Saturday, 2 August 2014


Hisham Matar's first novel, In the Country of Men was first published back in 2006. Earlier this year however I was told by someone whose opinions I generally pay attention to, that it was exceptionally well done, moving and truthful and sure enough, when I checked out the reviews on Amazon, it has been highly praised. It won many awards, including being shortlisted for the Booker that year as well as the Guardian First Book Award.
By choosing to narrate his story in the voice of a nine-year old boy however, Matar leaves an awful lot on the cutting room floor. Much the same technique was employed by Stephen Kelman in his novel, Pigeon English and I always felt the tangential voice, if I can put it that way, diverged too much from the material. It’s a writers choice, of course; show not tell. Infer rather than explain. It is a first novel and one can’t be too critical of first novels but there just aren’t enough characters. He must have deliberately structured the book that way but by not developing the characters of the neighbours for example, or Baba's real business dealings, he has to invent unlikely scenes; the fire; the near-drowning; Moosa and his melting tyres and so on.
I tend these days to avoid books or films [like 12 Years a Slave ] which deal with mans inhumanity to man and I found this a tough read, even though as I say he comes at his subject obliquely. What would be better, a full on narrative of torture and imprisonment under a dictator and lunatic? No, you need to place real people in the situation to comprehend the horror but the voice of a nine year old just doesn't get to grips with it. Maybe if Matar, the adult had told the story straight, looking backwards it would have been better. We could still have heard his Mama's tale, still got a sense of terror. More sense of terror, actually.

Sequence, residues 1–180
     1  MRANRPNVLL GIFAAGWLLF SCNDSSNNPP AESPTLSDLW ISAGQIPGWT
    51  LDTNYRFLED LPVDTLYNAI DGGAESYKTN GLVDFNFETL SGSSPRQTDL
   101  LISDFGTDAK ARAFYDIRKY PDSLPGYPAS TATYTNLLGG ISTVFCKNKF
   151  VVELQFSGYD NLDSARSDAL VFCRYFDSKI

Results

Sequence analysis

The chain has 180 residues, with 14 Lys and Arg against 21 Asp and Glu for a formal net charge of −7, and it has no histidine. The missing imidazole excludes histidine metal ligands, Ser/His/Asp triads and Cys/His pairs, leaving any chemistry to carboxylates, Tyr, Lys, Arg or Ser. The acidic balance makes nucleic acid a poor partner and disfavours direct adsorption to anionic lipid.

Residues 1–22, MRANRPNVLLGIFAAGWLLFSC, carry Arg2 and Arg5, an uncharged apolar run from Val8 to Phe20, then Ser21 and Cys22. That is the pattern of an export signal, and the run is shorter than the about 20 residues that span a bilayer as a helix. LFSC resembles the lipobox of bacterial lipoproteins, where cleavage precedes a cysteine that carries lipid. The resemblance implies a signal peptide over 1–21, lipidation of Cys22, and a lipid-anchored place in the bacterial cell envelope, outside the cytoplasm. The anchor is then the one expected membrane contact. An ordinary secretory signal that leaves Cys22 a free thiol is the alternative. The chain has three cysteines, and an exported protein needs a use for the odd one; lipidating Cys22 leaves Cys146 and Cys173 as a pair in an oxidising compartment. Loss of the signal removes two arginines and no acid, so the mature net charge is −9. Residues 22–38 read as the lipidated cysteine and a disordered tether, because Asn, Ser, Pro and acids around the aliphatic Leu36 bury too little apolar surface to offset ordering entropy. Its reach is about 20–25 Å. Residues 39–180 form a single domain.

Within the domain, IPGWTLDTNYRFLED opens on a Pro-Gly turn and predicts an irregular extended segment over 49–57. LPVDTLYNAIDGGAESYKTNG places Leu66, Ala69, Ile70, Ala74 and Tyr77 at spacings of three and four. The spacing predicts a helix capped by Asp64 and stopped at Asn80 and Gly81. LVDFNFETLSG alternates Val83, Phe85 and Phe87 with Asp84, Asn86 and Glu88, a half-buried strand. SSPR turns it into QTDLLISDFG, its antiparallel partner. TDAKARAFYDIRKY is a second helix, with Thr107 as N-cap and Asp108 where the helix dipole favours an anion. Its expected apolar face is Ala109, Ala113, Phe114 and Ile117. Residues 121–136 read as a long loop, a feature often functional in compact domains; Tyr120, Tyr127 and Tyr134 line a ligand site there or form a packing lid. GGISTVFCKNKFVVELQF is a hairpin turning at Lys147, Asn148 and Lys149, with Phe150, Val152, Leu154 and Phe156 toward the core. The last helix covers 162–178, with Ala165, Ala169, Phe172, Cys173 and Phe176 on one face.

It's not an entirely satisfying read. Rather like Hannah Kent [see Book Review 1], he hasn’t got the range for this and in the end I found it quite difficult to sympathise with any of them, The constant repetition of the parents' weaknesses for example, became wearisome and eventually I became disengaged.
The end is very well handled but in the final analysis, it felt like a Guardian First Book Award winner.

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